The crucial query at hand is — should you allow your canine companion to consume pineapples? Does this ingestion provoke health benefits? Or could it potentially confer toxicity? Could they be fond of the taste? This indeed should be your thought process every time you introduce something new to your pet pooch.
The danger lies in the mentality, if I can eat, my dog can eat it. There’s a long list of foods that humans enjoy, yet can cause serious harm for your dog. Garlic and onions are easier to doubt intuition through their strong fragrance and taste. But, did you know the sweet healthy snacks of grapes and avocados lead to organ failure and can be fatal for your dog?
Pineapples: Why is it a tough question to crack?
Like any other fruit, the types of chemical content is infinite. There are two sides to the story, two sides per content type: the benefits and the risks, the good and the bad. Even so, do the benefits outweigh the risk or should you stick to no risk? Doing your part in research is crucial, you are the judge.
Let’s break it down through the chemical contents of pineapples and their health-related effects, the ideal portion, how it’s served, and potential dangers.
Is it Safe for Your Dogs to Eat Pineapples?
Learn the Benefits and Risks
Yes! Although, let’s place emphasis on “in moderation.”
According to the American Kennel Club, raw pineapples are powered with vitamin C, vitamin B1, vitamin B6, folate, riboflavin, and niacin. These alone allow prosperity in carbohydrate-energy conversion, digestive functions, optimization of body tissue and blood cells, and purely leads to overall good health.
And that’s just vitamins, how about minerals?
They contain manganese, copper, potassium, magnesium, iron, and traces of calcium, phosphorus, and zinc — this combination completes the package. From maintaining metabolism to developing muscle mass and health, and generating rhythm and energy — your dog might just end up healthier than you!
Unfortunately, like every other gift on Earth, pineapples do have their downside.
Pineapples are high in fiber and hold a generous amount of natural sugar. This can cause damage to your dog’s digestive tract, which can lead to an upset stomach, vomiting, and diarrhea.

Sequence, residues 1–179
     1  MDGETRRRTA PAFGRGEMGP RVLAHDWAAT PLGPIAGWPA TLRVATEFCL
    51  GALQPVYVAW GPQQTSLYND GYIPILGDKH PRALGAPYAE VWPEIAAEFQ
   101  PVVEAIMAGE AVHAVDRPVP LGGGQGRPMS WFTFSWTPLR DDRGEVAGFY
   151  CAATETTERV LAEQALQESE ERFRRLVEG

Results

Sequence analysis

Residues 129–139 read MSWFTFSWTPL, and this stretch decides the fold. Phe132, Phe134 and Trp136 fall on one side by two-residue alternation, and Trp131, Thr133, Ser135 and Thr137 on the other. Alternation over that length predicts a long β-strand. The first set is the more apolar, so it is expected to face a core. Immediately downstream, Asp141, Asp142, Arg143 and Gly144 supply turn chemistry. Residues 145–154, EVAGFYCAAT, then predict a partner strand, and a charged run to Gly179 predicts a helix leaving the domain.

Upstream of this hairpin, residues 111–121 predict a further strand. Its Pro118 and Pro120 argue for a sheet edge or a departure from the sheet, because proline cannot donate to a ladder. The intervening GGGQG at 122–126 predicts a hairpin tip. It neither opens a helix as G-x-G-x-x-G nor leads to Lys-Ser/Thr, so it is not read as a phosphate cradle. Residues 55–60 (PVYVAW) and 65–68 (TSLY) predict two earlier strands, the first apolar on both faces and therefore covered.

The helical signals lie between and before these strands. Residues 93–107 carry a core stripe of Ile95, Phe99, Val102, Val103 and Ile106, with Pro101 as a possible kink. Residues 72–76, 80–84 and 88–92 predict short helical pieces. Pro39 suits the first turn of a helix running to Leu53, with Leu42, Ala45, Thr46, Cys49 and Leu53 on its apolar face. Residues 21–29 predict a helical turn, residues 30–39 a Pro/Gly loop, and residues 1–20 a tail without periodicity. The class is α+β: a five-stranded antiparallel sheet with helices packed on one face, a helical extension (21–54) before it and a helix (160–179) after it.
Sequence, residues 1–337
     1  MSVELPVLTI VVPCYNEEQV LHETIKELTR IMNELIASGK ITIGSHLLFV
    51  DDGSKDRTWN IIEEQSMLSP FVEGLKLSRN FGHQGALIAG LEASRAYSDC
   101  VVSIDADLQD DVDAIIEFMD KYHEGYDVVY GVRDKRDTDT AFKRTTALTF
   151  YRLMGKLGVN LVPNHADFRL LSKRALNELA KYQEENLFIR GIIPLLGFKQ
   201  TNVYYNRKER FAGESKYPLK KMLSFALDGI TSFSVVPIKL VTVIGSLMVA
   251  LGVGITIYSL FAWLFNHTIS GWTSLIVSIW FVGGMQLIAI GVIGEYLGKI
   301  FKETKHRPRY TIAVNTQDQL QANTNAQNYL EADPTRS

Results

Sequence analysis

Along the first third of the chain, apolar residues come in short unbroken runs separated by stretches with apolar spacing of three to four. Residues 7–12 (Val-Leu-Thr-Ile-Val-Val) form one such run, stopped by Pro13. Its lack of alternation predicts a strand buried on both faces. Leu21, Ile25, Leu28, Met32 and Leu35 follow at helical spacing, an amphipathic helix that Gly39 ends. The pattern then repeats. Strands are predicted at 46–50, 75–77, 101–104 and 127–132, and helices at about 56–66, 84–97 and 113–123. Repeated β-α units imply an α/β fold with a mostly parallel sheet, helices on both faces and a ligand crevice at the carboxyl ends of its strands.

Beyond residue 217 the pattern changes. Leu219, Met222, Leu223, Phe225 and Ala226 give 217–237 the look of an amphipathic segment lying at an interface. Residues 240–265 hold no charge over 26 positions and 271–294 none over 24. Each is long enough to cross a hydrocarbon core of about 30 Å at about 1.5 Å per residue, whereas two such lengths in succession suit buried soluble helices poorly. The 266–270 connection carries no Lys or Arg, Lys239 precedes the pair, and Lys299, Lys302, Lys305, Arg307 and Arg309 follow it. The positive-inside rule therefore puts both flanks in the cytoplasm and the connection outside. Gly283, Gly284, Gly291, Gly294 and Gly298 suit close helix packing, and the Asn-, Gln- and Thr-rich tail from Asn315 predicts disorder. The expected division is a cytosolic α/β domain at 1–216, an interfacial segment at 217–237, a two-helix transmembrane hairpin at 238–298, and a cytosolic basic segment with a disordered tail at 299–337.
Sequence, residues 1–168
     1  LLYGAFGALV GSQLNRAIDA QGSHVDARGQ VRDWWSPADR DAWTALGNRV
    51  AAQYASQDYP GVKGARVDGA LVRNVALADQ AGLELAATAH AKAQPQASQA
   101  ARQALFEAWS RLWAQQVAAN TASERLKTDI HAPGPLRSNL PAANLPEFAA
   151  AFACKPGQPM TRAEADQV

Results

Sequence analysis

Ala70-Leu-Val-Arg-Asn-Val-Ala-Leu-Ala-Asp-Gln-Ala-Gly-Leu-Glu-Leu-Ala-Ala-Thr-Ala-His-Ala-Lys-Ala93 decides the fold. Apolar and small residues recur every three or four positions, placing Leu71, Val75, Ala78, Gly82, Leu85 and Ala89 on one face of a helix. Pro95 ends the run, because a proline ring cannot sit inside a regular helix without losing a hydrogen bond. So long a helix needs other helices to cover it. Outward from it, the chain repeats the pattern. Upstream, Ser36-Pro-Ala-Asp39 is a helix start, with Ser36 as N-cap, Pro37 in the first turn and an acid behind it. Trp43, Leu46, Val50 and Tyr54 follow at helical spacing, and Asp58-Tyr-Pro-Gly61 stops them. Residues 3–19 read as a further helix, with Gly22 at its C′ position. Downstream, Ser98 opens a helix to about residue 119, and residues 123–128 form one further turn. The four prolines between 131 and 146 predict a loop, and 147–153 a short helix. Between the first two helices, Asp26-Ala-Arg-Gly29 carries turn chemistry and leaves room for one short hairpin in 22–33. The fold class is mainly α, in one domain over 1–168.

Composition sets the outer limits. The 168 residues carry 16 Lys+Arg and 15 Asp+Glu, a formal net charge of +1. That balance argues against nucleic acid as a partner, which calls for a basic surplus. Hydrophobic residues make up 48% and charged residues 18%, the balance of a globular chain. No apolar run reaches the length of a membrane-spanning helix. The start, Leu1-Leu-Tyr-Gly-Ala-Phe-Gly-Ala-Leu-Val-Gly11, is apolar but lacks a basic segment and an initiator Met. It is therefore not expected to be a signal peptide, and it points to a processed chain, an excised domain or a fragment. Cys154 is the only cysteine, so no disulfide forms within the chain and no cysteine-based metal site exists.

However, don’t worry!
The chances of such only rise as the pineapple consumption rises. And this applies to every food type your dog ingests. It’s very important to live by the rule of “in moderation” to keep your dog’s safety in check.
Every dog is different, even within the same breed, dogs are their own unique self. If even at small amounts of pineapple, your dog has a negative reaction, health, and behavioral-wise, it’s best to sit this one out. As they say, there’s plenty of fish in the sea, there’s plenty of fruit out there!
How Many Pineapples is “In Moderation”?
As previously mentioned, all dogs are different.
Their best friend (you) knows them best, and you’re the perfect judge for that. Standard limitations would be avoiding daily intake and assessing the single portion according to your dog’s size. And of course, their initial reaction towards the fruit. Trust your gut!
How Should the Pineapples be Served for Your Dog?
Don’t even lie, pineapples are intimidating with their prickly outer core and pointed crown.
Feeding the skin to your dog is an absolute no.
First off, the spikes may puncture their tongues, esophagus, and even their stomach. Second, the contents of the skin may carry harmful chemicals, you don’t know where the pineapple has been! Also, don’t use the excuse of washing it, just don’t do it.
Some of us may enjoy the core of the pineapple and have no problem with eating it. Although the same does not apply to dogs, it can be harmful to them internally. Stick to the soft flesh of the fresh fruit!
Let’s face it.
Extracting fresh pineapples can become messy, with a dragging cycle of peeling and chopping. Though some stores offer ready-cut fresh pineapples, and that’s a score! With convenience in mind, there’s nothing more convenient than canned foods. Do as you please for yourself, but leave your dog out of it.
Canned pineapples and its artificial syrup are sweeter, but that obviously means more sugar.
High levels of sugar can lead to shortening their lifespan through obesity or diabetes, and other health complications. Hence, avoid it at all costs!
Now that you’ve got the basics, how should the pineapple be served?
According to Dogster, this is how to share with your furry friends:
- Pineapple chunks: The simplest way! Give them a small, fresh chunk of skinned pineapple, and remember no core.
- Frozen treats: Blend pineapples and freeze them in dollops as mini frozen treats.
- Pineapple topping: Sprinkle small slices of pineapples to serve a dinner plus dessert meal.
- Baked pineapple: Throw in some pineapples to your existing homemade recipes to spice things up!
- Grilled pineapple: Keep it small, and allow it to cool off before serving.
The Final Verdict? Pineapples and Dogs, Yes or No?
Pineapples are undeniably healthy for you and your dog. On top of incredible taste, the overwhelming benefits in metabolism, body tissue, muscle mass, and blood cells makes it easier to give it a shot!
But, you have to know when to call it quits.
Limit the consumption to occasionally and limit it by portion. Moderation, people! Another is to judge your dog’s initial reaction, keep a close eye on their bodily functions upon introducing new things.
Get creative with how you serve the fruit with Little Things’ recipes. Say no to canned, say no to the skin, and say no to the core!
Fresh pineapples are a step in the right direction for a healthy, safe, delicious treat for your dog. Let us know about your dog’s experience in the comments below!